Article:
How to Diagram an Atom

Lewis dot diagrams quickly show the electrons and atoms in a compound.
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An atom is defined as the smallest part of a chemical element that retains the chemical properties of the element. Atoms are comprised of three subatomic particles called protons, neutrons and electrons. The positively charged protons and neutrons (which have no charge) make up the atom’s nucleus, or center, while the negatively charged electrons orbit around the nucleus. To accurately diagram an atom you must know how many protons, neutrons and electrons the atom contains, in addition to the atom’s “Electron Shell Configuration.”

    Refer to the Periodic Table of Elements to learn the atomic number and atomic weight of the element for which you want to create a diagram. The Periodic Table is a grid-like chart displaying all known elements. Each individual grid square on the Periodic Table lists the atomic number, atomic symbol and atomic weight of each element; the elements are arranged in ascending order according to atomic number. To find the atomic number for the element you want on the Periodic Table, locate the grid square on the table assigned to that element by finding the element’s name or atomic symbol (the atomic symbol is the abbreviation of the element's name). The element’s atomic number is written in a small font at the top of each grid square; the atomic weight is written in small font at the bottom of the square.

    Determine how many protons and electrons are in the selected element. An element’s atomic number represents the number of protons that element comprises. Since atoms have no overall electric charge, each atom has an equal number of protons and electrons. For example, a nitrogen (N) has an atomic number of 7, so a nitrogen atom is made up of seven protons and seven electrons.

    Calculate how many neutrons the selected element is comprised of. The formula for finding out how many neutrons an atom has is:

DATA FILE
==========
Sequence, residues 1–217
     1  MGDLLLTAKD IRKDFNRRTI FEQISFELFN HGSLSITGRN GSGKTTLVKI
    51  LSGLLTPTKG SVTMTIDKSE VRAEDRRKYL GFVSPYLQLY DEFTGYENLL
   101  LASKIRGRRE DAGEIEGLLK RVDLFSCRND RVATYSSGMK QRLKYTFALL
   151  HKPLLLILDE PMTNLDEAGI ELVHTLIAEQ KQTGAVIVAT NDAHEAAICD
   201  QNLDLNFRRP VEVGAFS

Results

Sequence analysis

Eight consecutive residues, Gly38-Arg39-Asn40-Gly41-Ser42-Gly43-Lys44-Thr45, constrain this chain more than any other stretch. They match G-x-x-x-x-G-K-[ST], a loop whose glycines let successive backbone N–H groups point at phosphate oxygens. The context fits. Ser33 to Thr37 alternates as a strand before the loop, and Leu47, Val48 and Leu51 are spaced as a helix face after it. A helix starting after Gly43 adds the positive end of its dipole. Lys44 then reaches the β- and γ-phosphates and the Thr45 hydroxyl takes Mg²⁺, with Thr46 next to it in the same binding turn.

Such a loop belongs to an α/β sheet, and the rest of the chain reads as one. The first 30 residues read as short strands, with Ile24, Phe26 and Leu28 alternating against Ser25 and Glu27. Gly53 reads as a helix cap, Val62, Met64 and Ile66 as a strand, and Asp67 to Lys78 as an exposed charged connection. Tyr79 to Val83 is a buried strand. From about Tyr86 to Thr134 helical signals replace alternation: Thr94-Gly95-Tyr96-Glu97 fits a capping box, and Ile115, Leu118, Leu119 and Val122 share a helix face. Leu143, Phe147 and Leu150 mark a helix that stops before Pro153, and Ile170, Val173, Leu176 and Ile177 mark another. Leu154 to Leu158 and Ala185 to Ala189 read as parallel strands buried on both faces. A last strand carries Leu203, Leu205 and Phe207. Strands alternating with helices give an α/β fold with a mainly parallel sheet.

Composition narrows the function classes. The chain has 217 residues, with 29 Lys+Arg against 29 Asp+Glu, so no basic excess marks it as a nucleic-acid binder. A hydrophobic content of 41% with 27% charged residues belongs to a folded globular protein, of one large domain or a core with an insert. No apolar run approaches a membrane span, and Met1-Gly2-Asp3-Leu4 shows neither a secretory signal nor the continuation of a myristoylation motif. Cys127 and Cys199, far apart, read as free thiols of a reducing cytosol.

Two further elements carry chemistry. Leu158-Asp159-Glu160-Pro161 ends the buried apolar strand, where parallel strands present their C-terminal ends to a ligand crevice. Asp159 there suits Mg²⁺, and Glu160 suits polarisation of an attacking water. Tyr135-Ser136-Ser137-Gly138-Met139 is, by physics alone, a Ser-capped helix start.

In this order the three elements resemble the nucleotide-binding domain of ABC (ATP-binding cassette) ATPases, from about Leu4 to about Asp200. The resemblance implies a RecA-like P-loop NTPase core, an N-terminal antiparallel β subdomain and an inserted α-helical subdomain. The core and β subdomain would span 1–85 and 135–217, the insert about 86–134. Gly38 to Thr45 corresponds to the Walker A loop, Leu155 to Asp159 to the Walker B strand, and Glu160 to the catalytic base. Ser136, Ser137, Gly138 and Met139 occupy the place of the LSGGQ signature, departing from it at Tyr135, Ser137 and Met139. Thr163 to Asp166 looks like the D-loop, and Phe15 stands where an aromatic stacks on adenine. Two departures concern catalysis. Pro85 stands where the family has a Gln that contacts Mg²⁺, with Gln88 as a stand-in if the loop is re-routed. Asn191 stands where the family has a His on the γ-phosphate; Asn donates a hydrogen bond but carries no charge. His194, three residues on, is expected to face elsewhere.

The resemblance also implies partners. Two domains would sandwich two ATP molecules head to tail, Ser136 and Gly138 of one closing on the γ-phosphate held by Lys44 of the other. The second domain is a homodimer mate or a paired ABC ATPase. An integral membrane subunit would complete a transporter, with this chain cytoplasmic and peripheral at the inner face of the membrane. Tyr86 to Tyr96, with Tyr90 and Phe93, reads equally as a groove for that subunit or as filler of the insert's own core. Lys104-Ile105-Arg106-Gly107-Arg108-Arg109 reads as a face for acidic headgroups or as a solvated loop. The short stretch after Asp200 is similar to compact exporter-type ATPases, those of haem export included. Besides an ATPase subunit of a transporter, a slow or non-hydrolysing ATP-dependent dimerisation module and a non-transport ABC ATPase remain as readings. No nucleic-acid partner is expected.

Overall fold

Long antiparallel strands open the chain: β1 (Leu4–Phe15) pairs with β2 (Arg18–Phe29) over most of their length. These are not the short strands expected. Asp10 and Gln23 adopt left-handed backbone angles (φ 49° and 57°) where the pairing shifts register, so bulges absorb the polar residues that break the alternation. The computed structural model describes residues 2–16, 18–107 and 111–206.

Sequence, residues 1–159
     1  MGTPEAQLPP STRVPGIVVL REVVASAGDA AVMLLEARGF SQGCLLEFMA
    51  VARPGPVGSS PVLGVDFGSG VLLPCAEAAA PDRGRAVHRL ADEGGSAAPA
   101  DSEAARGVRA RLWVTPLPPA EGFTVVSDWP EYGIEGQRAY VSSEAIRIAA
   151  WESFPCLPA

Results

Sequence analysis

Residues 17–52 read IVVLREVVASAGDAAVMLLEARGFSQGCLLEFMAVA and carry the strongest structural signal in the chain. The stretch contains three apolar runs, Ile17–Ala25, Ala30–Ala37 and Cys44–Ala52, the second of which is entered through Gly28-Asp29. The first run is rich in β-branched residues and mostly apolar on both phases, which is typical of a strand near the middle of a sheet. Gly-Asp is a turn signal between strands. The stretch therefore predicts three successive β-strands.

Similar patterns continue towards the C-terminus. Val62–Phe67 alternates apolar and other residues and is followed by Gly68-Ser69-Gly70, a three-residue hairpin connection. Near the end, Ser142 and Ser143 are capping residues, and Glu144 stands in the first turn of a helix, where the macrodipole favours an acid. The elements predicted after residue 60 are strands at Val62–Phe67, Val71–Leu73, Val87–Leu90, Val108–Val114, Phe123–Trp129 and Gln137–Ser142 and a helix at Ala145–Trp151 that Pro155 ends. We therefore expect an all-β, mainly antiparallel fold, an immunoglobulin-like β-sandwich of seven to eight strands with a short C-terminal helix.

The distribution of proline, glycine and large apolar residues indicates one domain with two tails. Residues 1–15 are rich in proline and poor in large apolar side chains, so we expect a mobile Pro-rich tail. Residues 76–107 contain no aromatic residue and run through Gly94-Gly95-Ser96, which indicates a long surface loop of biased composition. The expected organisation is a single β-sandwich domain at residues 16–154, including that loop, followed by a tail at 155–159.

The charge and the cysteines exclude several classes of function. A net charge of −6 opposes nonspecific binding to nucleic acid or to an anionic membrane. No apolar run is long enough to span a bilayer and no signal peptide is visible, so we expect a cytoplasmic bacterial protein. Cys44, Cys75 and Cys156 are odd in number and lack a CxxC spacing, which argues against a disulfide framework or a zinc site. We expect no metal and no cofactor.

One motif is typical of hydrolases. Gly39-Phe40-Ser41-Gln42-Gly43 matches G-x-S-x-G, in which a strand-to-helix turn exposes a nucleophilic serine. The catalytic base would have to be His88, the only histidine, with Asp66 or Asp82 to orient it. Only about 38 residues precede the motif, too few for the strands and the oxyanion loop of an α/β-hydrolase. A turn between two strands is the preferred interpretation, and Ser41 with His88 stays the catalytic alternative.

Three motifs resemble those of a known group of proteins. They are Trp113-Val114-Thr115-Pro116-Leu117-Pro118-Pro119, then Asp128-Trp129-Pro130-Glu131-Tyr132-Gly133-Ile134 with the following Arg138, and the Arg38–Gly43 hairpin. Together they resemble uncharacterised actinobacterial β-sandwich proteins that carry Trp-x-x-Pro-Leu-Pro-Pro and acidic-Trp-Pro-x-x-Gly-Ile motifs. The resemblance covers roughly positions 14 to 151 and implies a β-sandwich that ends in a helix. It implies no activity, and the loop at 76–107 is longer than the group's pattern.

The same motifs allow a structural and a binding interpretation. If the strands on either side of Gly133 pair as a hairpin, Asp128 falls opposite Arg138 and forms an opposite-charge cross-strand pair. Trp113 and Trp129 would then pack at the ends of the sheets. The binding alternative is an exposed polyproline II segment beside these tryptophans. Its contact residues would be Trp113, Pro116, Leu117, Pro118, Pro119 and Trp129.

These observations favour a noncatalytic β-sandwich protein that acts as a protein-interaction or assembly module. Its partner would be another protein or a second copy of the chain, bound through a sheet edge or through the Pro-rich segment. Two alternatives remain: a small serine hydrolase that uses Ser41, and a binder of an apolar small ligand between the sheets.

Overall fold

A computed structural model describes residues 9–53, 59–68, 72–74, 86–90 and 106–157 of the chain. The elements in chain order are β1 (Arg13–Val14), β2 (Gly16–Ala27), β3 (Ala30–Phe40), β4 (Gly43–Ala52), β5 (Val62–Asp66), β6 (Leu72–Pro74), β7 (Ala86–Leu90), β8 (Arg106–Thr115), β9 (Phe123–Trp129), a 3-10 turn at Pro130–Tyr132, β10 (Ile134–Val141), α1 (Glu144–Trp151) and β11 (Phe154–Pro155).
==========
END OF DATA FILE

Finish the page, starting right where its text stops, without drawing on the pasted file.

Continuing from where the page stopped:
Mass Number - Number of Protons = Number of Neutrons.

    To find the Mass Number of an element, round its atomic weight to the nearest whole number. The nitrogen atom, for example, has an atomic weight of 14.0067. Rounded to the nearest whole number, nitrogen'sMass Number is 14. Subtract the number of protons to get 14 – 7 = 7; nitrogen has seven neutrons.

    Draw a circle for each proton and each neutron contained in the selected element. Make sure these circles are clustered together. Place a positive sign inside each proton circle, or color each circle representing a proton the same color. Leave the inside of each neutron circle blank, or color all the neutron representative circles the same color. This cluster of circles represents the atom’s nucleus.

    Find out the selected element’s “Electron Shell Configuration.” Nitrogen, for example, has an Electron Shell Configuration of: 1s^2 2s^2 2p^3; this means it has two shells with 2 electrons in the first shell and 5 electrons in the second shell because the “1” has a superscript number of 2; and the "2’s have superscript numbers of 2 and 3, which together make 5.

    Draw one ring around the atom’s nucleus for each shell the atom has. Draw small circles on each ring to represent the number of electrons on that shell. The first shell is the ring closest to the nucleus.